Similarly, today’s higher rates haven’t had the adverse impact on corporate profitability or household finances that many expected back in 2022. This was largely due to firms refinancing their debt when rates were much lower, and locking in low-cost, long-term funding that has helped them absorb the subsequent rate increases with little impact on their creditworthiness.  Excess savings and a robust labour market has kept the consumer strong as well.

  • Bond yields are much higher than in 2022

    2022’s double-digit negative returns were largely driven by steep rises in government bond yields, which started the year at levels far below where they are now. Back then, yields on 10-year US Treasuries were around 1.5% and yields on 10-year Bunds were around -0.2%1. At such low yields, the income generated wasn’t enough to compensate investors for the subsequent sharp rate increases.  Today, the yield on 10-year Treasuries is around 4.3% and the yield on 10-year Bunds is around 2.3%2 - sufficiently high to accommodate an additional one to two rate hikes.  We do not anticipate a scenario where central banks will restart hiking rates - but if they do, today’s starting yields provide a better cushion for credit investors.

  • A stable economy can accommodate tighter spreads for longer

    When the economy is stable, tight spreads don’t need to carry on tightening to still deliver positive excess returns for credit investors.  A healthy economy can help reduce risk premia and keep credit spreads trading in a narrow range.  If we consider the period from 2004 to 2007, which was relatively stable in terms of growth, inflation and interest rates, credit spreads were trading at even tighter levels than today (investment-grade credit spreads averaged around 0.7%; versus 0.9%-1.0% in the current market), delivering positive excess returns for credit investors over the three-year timeframe3

  • Sector disparities offer active credit opportunities

    Two years ago, fears about recession, fuelled by rising rates, took a toll on credit markets. That’s no longer the case. We believe the current uneven market environment and stable economic outlook are creating attractive opportunities for active credit selection. Since the pandemic, certain sectors of the economy have lagged in their recovery, providing potential pockets of value. For example, many hotels and airline companies are yet to fully rebound from their pandemic lows and are likely to offer further growth. Other sectors, such as real estate, were hit hard by the rate-hiking cycle and could offer attractive valuation opportunities.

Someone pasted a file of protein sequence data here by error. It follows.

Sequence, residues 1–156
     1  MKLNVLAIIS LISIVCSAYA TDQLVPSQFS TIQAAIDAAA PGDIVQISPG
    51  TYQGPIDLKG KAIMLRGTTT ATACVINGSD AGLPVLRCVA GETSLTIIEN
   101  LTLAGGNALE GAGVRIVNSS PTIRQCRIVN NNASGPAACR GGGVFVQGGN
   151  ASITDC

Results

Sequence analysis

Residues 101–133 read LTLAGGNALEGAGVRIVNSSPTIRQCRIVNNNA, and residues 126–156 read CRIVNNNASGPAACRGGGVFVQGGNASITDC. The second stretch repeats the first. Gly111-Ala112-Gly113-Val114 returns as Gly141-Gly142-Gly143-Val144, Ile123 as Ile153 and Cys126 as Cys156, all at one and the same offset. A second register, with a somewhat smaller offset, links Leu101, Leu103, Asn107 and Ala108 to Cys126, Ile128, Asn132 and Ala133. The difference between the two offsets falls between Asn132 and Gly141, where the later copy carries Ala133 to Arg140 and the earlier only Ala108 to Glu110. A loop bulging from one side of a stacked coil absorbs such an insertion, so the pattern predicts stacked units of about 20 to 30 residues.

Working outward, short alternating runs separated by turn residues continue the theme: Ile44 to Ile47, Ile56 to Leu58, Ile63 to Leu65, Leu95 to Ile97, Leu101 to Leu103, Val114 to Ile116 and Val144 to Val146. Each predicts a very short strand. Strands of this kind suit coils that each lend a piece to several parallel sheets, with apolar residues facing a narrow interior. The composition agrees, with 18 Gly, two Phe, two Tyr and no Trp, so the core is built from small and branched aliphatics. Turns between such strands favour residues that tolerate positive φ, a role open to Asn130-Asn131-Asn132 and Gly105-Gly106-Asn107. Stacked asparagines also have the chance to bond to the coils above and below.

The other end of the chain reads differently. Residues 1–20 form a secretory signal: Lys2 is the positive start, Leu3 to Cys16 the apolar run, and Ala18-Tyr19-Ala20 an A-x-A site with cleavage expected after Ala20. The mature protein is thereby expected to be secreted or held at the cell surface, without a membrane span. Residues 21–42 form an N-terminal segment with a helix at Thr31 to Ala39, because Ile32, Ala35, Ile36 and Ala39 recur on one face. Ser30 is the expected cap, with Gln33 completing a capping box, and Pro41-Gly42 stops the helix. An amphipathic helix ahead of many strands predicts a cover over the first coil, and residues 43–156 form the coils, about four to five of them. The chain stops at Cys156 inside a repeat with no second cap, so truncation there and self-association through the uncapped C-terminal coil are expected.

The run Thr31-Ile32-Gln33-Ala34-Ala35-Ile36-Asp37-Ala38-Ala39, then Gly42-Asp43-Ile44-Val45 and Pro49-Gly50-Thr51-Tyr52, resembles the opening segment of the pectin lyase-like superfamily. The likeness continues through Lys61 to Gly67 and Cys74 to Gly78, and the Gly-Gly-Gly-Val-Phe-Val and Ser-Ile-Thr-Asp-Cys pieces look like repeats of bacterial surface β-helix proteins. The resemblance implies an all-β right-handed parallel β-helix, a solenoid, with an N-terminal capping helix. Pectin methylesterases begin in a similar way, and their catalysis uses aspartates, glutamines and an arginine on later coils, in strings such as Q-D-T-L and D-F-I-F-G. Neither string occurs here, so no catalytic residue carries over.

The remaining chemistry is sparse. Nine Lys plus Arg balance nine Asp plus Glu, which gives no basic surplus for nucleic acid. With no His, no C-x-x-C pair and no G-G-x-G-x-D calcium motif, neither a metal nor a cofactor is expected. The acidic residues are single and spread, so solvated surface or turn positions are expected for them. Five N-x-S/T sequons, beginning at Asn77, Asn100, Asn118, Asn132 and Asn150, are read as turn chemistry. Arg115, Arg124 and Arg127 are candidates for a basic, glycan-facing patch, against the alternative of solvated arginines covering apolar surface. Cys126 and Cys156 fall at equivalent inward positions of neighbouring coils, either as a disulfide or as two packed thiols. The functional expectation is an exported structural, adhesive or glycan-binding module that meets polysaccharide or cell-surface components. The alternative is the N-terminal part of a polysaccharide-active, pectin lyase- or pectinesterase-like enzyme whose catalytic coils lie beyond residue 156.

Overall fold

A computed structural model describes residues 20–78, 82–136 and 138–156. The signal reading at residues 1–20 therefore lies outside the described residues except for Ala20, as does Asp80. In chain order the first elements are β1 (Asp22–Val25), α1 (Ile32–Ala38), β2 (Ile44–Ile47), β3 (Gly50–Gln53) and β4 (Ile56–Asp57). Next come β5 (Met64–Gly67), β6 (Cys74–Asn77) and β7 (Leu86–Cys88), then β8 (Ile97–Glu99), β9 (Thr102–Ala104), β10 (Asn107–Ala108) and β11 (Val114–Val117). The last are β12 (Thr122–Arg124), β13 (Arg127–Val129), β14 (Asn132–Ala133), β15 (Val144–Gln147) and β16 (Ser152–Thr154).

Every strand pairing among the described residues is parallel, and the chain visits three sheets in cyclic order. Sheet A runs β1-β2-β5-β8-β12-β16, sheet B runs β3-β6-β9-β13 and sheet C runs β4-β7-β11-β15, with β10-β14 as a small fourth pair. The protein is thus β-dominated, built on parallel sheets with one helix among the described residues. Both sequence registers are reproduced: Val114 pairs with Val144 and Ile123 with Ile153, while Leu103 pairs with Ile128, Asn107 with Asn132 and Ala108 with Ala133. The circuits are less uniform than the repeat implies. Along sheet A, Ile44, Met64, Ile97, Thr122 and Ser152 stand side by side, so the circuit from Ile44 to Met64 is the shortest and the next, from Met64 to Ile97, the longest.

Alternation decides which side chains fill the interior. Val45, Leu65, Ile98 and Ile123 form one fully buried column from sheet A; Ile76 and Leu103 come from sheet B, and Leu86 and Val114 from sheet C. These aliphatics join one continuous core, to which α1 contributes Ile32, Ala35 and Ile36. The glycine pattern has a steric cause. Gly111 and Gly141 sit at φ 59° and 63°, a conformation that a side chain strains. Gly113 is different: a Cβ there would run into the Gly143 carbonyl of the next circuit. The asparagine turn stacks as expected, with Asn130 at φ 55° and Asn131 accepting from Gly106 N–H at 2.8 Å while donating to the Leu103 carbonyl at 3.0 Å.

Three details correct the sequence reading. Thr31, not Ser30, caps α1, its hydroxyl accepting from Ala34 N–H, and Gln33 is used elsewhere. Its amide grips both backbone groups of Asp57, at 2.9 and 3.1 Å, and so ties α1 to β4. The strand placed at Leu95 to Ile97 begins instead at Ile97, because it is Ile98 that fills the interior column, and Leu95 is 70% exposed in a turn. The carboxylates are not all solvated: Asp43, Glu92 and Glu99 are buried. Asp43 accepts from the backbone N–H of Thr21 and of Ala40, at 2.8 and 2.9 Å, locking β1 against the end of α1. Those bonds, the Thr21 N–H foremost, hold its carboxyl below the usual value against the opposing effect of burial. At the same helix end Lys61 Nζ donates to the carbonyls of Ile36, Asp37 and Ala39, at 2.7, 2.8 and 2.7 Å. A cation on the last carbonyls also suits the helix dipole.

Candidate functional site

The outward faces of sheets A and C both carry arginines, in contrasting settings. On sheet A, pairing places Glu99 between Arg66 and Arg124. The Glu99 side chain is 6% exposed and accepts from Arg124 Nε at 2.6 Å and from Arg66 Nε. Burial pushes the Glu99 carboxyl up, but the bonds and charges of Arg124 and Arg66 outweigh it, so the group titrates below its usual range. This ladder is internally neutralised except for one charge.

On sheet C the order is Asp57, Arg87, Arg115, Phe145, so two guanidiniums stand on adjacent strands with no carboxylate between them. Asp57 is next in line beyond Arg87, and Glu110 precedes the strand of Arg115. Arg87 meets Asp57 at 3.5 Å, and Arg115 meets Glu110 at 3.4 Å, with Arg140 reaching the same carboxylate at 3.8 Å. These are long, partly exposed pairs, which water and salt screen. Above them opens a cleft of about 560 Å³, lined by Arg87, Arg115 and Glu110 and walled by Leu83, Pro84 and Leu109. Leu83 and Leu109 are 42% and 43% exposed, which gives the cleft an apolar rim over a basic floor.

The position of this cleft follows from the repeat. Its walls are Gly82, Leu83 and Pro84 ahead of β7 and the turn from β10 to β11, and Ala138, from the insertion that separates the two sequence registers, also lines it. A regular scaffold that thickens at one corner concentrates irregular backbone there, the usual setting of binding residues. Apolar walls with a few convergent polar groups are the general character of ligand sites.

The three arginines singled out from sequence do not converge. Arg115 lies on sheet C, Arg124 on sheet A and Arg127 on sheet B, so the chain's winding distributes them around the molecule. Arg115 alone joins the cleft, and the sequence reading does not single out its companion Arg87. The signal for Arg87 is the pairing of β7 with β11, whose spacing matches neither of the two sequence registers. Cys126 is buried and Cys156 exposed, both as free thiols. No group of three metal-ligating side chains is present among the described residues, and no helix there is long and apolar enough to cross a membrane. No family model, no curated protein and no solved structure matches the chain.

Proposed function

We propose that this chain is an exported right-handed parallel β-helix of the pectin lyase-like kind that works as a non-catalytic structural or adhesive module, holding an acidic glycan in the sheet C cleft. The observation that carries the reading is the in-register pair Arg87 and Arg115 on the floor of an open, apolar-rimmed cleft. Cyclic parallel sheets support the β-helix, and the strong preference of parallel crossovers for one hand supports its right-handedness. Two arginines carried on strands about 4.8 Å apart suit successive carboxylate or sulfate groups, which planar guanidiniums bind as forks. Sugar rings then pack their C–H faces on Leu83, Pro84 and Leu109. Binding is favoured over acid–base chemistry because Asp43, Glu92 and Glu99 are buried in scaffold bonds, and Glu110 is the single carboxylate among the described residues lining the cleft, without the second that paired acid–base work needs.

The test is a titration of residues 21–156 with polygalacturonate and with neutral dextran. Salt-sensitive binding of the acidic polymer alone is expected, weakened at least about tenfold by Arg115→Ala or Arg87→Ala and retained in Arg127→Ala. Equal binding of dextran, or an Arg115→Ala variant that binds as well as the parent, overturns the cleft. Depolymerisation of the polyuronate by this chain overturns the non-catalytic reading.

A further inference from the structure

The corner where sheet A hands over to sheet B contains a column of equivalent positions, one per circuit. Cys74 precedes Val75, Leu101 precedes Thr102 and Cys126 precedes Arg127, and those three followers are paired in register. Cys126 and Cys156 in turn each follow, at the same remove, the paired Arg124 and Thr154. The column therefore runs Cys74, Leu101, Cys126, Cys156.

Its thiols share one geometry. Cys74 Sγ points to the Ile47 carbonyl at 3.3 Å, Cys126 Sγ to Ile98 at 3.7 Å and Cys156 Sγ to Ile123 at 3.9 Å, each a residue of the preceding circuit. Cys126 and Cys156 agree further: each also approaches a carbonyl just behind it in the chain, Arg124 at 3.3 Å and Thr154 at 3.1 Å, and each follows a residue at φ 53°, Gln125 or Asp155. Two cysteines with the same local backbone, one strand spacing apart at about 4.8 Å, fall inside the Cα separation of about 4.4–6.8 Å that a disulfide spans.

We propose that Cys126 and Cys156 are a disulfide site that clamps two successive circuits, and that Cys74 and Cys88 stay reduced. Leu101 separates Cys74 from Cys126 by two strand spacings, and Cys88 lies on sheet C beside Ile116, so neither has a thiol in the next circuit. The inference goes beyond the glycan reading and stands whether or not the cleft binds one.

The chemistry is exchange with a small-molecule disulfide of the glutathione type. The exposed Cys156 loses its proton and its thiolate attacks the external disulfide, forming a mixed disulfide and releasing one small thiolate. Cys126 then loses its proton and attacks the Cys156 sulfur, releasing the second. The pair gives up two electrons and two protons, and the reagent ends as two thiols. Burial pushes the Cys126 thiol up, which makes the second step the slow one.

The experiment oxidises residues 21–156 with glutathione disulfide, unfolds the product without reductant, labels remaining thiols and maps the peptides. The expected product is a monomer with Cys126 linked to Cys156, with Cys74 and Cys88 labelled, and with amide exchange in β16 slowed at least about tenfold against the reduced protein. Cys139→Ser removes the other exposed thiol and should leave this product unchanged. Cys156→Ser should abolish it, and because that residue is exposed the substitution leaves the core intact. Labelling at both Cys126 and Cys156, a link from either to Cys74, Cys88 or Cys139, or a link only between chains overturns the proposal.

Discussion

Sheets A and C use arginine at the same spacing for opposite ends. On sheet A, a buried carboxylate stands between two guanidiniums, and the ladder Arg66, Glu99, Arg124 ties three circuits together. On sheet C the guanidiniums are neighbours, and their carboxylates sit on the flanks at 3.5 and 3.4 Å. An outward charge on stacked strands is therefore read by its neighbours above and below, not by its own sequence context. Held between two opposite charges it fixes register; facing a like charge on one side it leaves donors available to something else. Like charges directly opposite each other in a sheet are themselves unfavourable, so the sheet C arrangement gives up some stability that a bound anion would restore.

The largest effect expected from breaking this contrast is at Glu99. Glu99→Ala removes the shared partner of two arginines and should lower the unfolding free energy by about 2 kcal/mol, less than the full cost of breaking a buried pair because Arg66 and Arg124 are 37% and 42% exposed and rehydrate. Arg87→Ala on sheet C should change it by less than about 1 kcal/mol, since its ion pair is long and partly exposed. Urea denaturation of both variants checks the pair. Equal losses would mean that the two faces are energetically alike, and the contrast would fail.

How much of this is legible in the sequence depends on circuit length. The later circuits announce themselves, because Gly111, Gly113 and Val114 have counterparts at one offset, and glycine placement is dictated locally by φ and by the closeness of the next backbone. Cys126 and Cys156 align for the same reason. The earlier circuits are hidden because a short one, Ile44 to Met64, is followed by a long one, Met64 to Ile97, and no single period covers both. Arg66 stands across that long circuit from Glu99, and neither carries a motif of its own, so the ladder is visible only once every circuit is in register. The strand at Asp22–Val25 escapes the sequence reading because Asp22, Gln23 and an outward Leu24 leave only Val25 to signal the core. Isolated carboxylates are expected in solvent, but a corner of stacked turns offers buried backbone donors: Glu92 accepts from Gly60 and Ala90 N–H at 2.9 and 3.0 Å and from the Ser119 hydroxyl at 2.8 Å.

Given this backdrop, active credit funds that focus on bottom-up security selection and have the credit research capabilities to identify undervalued and mispriced opportunities, have a distinct edge over those with a more top-down, directional approach. A selection-centric strategy can also help to preserve the risk-dampening qualities of bonds—giving investors what they expect from the fixed income asset class—high-quality, investment-grade holdings that should act as a diversifier relative to equities through varying market conditions.


1 Source: Bloomberg, as at 29 December 2021.  

2 Source: Bloomberg, as at 24 April 2024.

3 Source: Bloomberg and Vanguard. Average investment-grade credit spreads are based on the option-adjusted spread of the Bloomberg Global Aggregate Corporate Index, for the periods 1 January 2004 to 1 January 2007 and 1 January 2024 to 31 March 2024. Excess returns are based on the period 1 January 2004 to 1 January 2007. 

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Investment risk information

The value of investments, and the income from them, may fall or rise and investors may get back less than they invested.

Past performance is not a reliable indicator of future results.

Some funds invest in emerging markets which can be more volatile than more established markets. As a result the value of your investment may rise or fall.

Funds investing in fixed interest securities carry the risk of default on repayment and erosion of the capital value of your investment and the level of income may fluctuate. Movements in interest rates are likely to affect the capital value of fixed interest securities. Corporate bonds may provide higher yields but as such may carry greater credit risk increasing the risk of default on repayment and erosion of the capital value of your investment. The level of income may fluctuate and movements in interest rates are likely to affect the capital value of bonds.

Reference in this document to specific securities should not be construed as a recommendation to buy or sell these securities, but is included for the purposes of illustration only.